Date of Award


Document Type


Degree Name

Doctor of Psychology (PsyD)


Graduate Department of Clinical Psychology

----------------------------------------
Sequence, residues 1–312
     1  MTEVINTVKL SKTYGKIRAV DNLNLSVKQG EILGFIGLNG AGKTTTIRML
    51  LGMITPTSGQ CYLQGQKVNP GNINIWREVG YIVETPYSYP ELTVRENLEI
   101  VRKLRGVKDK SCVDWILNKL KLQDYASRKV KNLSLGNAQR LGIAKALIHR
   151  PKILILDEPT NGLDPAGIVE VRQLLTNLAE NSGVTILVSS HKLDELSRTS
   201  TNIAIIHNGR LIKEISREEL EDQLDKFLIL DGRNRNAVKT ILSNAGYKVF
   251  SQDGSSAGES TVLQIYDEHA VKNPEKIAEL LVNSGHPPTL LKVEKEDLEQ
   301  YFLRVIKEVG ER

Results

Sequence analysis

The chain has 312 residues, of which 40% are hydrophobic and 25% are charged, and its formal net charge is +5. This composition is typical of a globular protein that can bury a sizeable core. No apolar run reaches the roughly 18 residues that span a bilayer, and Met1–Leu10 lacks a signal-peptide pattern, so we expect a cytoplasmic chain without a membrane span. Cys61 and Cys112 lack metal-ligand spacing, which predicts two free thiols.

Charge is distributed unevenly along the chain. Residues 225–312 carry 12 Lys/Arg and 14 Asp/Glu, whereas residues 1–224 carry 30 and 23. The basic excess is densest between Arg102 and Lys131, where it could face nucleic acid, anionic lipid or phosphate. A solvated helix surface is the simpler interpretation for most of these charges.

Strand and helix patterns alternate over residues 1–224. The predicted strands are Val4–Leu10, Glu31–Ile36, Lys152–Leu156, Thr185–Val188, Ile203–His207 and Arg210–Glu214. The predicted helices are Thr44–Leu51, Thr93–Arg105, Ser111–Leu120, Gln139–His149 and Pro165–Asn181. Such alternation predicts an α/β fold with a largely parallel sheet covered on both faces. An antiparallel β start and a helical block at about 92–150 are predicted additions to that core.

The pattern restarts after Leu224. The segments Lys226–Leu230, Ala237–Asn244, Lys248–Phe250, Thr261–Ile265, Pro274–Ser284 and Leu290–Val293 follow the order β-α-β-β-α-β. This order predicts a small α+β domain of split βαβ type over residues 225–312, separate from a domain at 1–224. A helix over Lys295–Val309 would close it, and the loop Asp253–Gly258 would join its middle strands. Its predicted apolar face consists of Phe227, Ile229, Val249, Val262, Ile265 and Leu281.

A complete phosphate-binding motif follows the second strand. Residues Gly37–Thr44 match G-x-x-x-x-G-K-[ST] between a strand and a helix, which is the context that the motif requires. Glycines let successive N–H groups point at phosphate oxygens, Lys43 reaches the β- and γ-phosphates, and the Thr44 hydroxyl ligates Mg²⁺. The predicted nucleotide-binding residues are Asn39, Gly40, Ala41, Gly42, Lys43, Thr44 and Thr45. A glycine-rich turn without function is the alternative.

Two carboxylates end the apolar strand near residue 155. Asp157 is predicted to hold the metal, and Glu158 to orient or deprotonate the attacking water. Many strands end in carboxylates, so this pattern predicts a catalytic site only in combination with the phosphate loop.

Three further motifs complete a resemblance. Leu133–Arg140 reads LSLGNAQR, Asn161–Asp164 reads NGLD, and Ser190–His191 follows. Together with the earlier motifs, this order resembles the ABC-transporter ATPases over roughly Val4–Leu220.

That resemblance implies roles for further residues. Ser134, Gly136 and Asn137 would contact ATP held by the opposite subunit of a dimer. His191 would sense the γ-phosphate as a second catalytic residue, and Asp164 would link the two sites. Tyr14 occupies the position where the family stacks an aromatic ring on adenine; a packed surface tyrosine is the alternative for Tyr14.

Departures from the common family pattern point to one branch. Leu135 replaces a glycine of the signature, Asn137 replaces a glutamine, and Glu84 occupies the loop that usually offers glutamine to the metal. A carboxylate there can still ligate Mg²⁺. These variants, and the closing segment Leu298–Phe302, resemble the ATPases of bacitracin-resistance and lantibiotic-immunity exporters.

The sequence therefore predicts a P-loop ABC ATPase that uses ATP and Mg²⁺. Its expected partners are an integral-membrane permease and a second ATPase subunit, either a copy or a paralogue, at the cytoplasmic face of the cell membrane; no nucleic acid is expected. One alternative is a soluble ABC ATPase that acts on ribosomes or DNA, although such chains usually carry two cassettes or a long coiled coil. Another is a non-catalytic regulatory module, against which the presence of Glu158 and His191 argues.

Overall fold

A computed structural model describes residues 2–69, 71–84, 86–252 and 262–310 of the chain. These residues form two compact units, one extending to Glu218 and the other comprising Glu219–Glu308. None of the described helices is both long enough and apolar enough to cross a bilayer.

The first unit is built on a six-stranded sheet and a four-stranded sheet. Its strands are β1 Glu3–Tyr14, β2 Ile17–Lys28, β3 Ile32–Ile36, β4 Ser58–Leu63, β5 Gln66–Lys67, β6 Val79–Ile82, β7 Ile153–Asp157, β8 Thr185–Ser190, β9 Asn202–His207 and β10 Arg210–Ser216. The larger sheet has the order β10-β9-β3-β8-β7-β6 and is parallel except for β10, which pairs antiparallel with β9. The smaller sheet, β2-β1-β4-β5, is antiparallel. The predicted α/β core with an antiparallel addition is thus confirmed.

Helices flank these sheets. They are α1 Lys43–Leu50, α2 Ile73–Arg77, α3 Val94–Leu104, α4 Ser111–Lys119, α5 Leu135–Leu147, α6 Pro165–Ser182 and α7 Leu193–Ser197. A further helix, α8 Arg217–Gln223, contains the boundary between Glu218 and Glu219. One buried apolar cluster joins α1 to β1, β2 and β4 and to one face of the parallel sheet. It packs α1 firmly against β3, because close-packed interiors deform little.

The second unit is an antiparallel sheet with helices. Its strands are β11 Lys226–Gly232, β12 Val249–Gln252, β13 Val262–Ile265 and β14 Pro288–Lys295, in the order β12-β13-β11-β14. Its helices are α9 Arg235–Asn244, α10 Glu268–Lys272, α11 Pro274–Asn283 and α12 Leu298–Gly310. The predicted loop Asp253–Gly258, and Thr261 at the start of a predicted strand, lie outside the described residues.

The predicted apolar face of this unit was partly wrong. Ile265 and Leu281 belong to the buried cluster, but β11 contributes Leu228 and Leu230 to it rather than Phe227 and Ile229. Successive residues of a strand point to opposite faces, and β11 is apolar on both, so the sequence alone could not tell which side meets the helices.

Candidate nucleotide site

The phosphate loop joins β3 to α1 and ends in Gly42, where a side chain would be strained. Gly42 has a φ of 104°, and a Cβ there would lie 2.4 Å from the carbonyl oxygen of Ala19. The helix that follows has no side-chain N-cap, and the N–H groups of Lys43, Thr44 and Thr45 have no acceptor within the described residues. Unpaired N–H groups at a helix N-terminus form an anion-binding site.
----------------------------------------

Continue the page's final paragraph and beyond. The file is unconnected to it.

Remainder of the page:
For single Christians over the age of twenty-five, finding support and acceptance within the church can be a very high hurdle to cross. While the church as a whole promotes itself as a place of acceptance, it is rare to find a church with activities focused toward single persons older than college age. Attempts by single persons to become involved in different facets of discipleship, service, and ministry are not always well received. In a preliminary uncontrolled study the results suggested that the church may have a bias against single adults. The present study considers whether the church operates with bias in favor of couples and families and against single adults. By studying how churches react to and handle requests from single adults to become involved in the church, the possibility of intended and unintended biases can be revealed. Data was collected from 36 churches located in a metropolitan community in the Pacific Northwest by confederates posing as married or single adults requesting assistance in locating a cell group. The amount of time needed to respond to the request for assistance was recorded for each of the conditions. These data were examined through analysis of multivariate variance (MANOV A), t-tests, and post hoc comparisons. Married people had response latencies averaging 34 hours. Never-married women had a mean response latency of 62.1 hours. Responses for single mothers had a mean of 140.6 hours. For single men response latencies had a mean of 318.8 hours. Analysis of variance results show that church size was not a predictor of response latencies and the response latencies for all conditions were consistent. These results are highly significant despite underestimating response latencies for single mothers and single men due to truncation. These results indicate a significantly slower response by the churches to requests from single adults, and underscore the extent of the biases experienced by single adults. Data from this study may be very beneficial in helping the church re-evaluate its approach toward single adults. Anecdotally, it appears that single mothers are viewed as a potential drain on the church's resources. Similar anecdotes suggest single men are viewed as potential sexual predators searching for women or children. These attitudes toward single adults may be an underlying origin for the biases expressed toward the single adult population. Results of the study are consistent with the notion that church are interested in families as their primary constituents and seldom consider single adults unless they are never-married women. Unfortunately, there appears to be very little room at the inn for single mothers and single men.

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